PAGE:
Category Archives: DevOps

Deploy a Node.js application to Oracle Application Container Cloud Service

About Application Container Cloud Service

ACCS provides a pre-configured platform (Platform as a Service or PAAS) where you can quickly deploy and host your applications.  For many of today’s applications, the hosting server is just that, a place to host the application.  Most of the time the only thing an application needs from the server is to have it support the application’s programming language and to provide in and out connections through ports.  Using a PAAS such as ACCS frees you from all of the extra work of configuring and maintaining a server and allows you to focus on perfecting your application.

AACS supports multiple languages but for this post, I’ll focus on Node.js.

DinoDate

For the examples, I will be deploying the DinoDate application. DinoDate was written as an open source learning application that can be used to demonstrate database concepts with multiple programming languages.  It currently has both Python and NodeJS mid-tier applications and is backed by an Oracle Database.

The following instructions show how to deploy the Node.js version of DinoDate to an Oracle ACCS instance.

If you don’t have access to Oracle Cloud services, you can try the Oracle Cloud with $300 of free credit.

Download/Clone the DinoDate application.

Database

First, you’ll need a database.

Create an Oracle Cloud database or if you already have an Oracle Database, make sure that you can safely create and destroy the DD and DD_NON_EBR schema.

Connect to your database as sys with sysdba and run coreDatabase/dd_master_install.sql.  (Use your password and connect string)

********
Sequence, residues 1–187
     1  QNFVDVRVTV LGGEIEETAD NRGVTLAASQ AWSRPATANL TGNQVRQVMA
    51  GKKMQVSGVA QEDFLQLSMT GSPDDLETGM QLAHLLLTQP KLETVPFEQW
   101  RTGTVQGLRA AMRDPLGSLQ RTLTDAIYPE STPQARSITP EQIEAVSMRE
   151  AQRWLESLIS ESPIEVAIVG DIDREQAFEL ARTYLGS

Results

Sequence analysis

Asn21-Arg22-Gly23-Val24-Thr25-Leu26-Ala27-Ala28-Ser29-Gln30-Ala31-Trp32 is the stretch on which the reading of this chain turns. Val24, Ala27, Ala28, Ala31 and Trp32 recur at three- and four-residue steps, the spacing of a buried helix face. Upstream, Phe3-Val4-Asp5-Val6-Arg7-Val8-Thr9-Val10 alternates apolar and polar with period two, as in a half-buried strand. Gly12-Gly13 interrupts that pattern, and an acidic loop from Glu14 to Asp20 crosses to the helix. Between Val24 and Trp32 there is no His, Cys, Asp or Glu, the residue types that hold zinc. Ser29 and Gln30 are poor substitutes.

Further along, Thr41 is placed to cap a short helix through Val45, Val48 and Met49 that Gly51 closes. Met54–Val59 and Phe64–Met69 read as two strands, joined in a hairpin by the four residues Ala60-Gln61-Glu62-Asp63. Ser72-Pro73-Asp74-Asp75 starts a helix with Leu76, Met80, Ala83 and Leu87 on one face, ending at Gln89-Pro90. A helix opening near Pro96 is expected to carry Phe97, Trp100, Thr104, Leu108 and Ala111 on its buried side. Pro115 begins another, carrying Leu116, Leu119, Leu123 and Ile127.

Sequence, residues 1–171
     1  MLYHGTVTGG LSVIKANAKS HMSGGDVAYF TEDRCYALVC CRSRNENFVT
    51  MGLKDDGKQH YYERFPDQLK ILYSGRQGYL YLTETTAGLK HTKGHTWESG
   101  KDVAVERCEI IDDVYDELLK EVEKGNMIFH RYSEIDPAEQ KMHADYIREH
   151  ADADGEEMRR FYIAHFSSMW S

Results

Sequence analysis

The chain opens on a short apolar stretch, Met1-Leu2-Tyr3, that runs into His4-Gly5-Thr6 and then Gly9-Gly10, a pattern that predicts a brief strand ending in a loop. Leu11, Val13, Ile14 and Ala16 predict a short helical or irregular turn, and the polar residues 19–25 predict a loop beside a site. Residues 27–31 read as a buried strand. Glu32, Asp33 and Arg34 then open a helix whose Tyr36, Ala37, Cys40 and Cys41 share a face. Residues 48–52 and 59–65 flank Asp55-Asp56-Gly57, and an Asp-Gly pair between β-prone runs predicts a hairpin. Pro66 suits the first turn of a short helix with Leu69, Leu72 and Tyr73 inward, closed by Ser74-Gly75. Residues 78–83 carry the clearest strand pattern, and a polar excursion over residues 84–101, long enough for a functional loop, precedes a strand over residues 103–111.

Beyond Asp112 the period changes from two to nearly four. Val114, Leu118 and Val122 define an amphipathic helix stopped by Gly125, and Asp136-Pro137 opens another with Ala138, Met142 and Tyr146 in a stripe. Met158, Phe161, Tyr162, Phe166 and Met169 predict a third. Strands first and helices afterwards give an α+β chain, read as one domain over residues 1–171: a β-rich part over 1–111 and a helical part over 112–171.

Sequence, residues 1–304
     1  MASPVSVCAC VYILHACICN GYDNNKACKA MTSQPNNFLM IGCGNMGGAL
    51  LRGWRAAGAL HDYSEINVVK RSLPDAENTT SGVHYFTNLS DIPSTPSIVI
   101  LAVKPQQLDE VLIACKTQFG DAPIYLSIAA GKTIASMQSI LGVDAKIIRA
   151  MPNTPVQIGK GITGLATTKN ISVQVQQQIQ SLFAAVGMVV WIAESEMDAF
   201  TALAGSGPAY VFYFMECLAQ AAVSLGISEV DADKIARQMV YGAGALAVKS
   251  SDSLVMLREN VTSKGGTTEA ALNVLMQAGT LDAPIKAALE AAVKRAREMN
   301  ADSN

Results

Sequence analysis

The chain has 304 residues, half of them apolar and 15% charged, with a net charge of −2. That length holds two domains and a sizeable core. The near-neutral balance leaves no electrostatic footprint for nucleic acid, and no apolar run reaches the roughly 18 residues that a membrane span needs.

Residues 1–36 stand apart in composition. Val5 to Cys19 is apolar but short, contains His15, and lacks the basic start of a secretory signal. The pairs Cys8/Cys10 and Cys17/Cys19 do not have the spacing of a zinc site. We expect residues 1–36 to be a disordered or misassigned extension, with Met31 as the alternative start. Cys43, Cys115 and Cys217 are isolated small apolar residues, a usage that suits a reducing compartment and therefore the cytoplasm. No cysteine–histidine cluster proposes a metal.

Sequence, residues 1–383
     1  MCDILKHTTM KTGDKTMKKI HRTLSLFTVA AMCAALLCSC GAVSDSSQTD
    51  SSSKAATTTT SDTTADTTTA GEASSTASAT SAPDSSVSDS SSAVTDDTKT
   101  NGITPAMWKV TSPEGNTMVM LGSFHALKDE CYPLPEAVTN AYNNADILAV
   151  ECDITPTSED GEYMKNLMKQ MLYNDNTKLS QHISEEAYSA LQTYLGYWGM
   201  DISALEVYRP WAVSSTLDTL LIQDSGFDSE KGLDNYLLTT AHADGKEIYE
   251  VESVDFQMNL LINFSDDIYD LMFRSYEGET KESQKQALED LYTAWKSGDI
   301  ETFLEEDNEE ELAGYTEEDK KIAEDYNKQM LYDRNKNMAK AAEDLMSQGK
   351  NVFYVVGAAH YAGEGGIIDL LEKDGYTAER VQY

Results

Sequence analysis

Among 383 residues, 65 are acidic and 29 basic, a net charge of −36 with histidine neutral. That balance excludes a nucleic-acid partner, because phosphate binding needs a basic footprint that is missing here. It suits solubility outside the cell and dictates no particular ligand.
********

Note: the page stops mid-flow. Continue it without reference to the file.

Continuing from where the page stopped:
Prepare the DinoDate Application

Download oraclejet.zip (version 4.1.0).  (Current versions as of the time of this post.)

  • Extract the Oracle JET files
  • Run bower install
  • Install the NodeJS modules.  ACCS assumes your deploy package will include all necessary modules.
  • Create a deploy directory.
  • Copy the front end client into the deploy directory.
  • Copy the nodejs application into the deploy directory.
  • Change to the deploy/nodejs directory.
Create the environment variables.  (Replace YourJdbcConnecString with your JDBC connect string.)
Test the application to make sure everything is working.
  • Open your browser to localhost:3000
  • Log in as bob@example.com (any password will work)
  • Open the search tab and execute a search.  I typically search for ‘eat’ it will return several members.

Ctrl-c to stop the node server then switch back to the deploy directory.

Package the Files to Deploy

Create the manifest file: manifest.json

This file declares that we will use Node.js version 8 and provides the command that will be used to start the application.

Create the deployment file: deployment.json

This file includes the environment variables DinoDate needs and sets the ACCS deployment to use 1G of memory and only install 1 instance.

Replace “YourJdbcConnecString” with the JDBC connect string for your database.

Important Note

ACCS is pre-configured to listen on $PORT so we set our application to listen on that port.  Do not attempt to change $PORT.  When ACCS performs its post-deploy check it will open the application using $PORT, if the application is not listening on that port and returns a 404 the deployment will fail and be removed.

Create a zip file with the required DinoDate deploy files.

Important Note

The Node.js platform in ACCS has the oracledb module pre-installed.  If we were to upload the module we just installed it would cause a conflict that would cause the deployment to fail and be removed, so we exclude it from the deployment .zip file.

Deploy to ACCS

In your browser navigate to the Oracle Application Container Cloud Service Console.

Push the Create Application button to open the platform selection panel.

Push the Node button to open the application definition panel.

  • Populate [Name] with DinoDate.